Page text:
If only George R.R. Martin would actually finish the Game of Thrones series…

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  • Tuesday, 4 October 2011 at 1:13 pm
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    Hah! He’ll never finish. He’s taking longer for each book. The last one was 6 years. And he’s not getting any younger. At the rate he’s going, he’ll be 82 before he finishes.

    You’d do better to try some of the ones you already mentioned… Rothfuss, Hobb, and Sanderson. In that order.

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  • Wednesday, 5 October 2011 at 8:24 am
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    I loved reading the chart too. I’m afraid that’s as far as I got. I probably won’t read almost any of the books that my many choices took me to. Not that they don’t look interesting, I just don’t spend that much time reading and I always end up reading business/self help books instead of fiction. Although some could argue that the business genre is fiction. :)

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  • Friday, 7 October 2011 at 6:50 pm
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    The reading chart was entertaining. I have to say that while I haven’t read all the Conan books, I’ve read enough to say that the original stories by Howard are a must read. Some author that I love said once that he looked at fantasy as a spectrum with Tolkien at one end and Howard at the other. For the life of me I can’t recall if it was GRR Martin, Tad Williams, or David Drake who said it, but I think it is true. Some of the spin offs aren’t that great.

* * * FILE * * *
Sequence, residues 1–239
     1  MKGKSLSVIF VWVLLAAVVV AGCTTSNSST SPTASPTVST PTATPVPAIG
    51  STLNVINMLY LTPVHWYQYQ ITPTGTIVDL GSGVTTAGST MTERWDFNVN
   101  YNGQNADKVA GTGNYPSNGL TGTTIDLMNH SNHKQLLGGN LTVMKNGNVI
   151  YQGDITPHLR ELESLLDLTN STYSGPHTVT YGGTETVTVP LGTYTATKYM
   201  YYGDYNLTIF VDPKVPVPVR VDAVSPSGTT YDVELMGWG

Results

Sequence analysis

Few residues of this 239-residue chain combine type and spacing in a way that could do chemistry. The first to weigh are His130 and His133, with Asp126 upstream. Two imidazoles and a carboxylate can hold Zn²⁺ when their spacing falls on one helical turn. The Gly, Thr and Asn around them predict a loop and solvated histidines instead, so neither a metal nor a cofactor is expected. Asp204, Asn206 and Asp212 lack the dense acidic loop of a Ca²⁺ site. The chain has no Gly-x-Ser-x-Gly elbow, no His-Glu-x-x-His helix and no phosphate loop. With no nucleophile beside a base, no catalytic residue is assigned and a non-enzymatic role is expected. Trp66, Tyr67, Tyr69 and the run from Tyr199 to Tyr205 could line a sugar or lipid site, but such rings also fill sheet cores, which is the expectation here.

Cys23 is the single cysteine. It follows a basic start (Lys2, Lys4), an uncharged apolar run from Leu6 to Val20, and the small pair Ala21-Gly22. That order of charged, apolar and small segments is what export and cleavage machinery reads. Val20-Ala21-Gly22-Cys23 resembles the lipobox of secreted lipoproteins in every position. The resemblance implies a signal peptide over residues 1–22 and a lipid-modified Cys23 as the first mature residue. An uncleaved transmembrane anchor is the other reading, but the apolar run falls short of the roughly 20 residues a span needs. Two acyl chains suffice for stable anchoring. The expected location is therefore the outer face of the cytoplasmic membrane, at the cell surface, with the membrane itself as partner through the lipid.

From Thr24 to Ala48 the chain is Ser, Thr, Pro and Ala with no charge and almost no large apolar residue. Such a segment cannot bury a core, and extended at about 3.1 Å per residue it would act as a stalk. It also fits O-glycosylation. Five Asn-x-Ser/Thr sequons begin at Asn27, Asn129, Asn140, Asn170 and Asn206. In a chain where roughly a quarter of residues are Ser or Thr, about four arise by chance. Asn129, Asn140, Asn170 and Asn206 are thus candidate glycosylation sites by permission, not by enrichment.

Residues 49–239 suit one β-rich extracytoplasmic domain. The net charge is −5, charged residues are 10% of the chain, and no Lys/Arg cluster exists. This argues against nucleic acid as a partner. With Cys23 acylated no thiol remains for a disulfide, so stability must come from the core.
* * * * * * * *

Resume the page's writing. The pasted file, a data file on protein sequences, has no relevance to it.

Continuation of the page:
I have to come to Drizzt’s defense. I think he is great. I also have never read any author who handles descriptive action scenes with the skill that Salvatore manages throughout that series. There was a time that I mistakenly attributed all of the good things about his books to Forgotten Realms and went on an FR reading binge. After slogging through a dozen crappy novels by as many authors under that umbrella, I recognized him as an exception in that crowd.

    I’m afraid Martin is going to die before he finishes. I wonder who the publisher will hire to tie up his loose ends.

    R.

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  • Saturday, 8 October 2011 at 7:43 am
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    See, Riotimus is a Howard advocate! That must mean something. I read a few Forgotten Realms books in high school. I remember thinking at the time that they were pretty good, but not good enough to make me want to read any more. I wish I could remember which ones. I know they weren’t written by Salvatore. Maybe I’ll have to give ol’ Drizzt a try.

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  • Saturday, 8 October 2011 at 11:03 am
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    On the whole, I don’t think anyone would read them if it weren’t for the exceptional artists they have doing their covers.

    The biggest problem I had with FR novels is that they read like the transcription of a RPG. You could actually play the game in so much less time and save yourself a lot of disappointment. While there are moments in Salvatore’s FR books that feel a little like that, the stories are really propelled by the depth of the characters instead of a saga-like series of battles.

    R.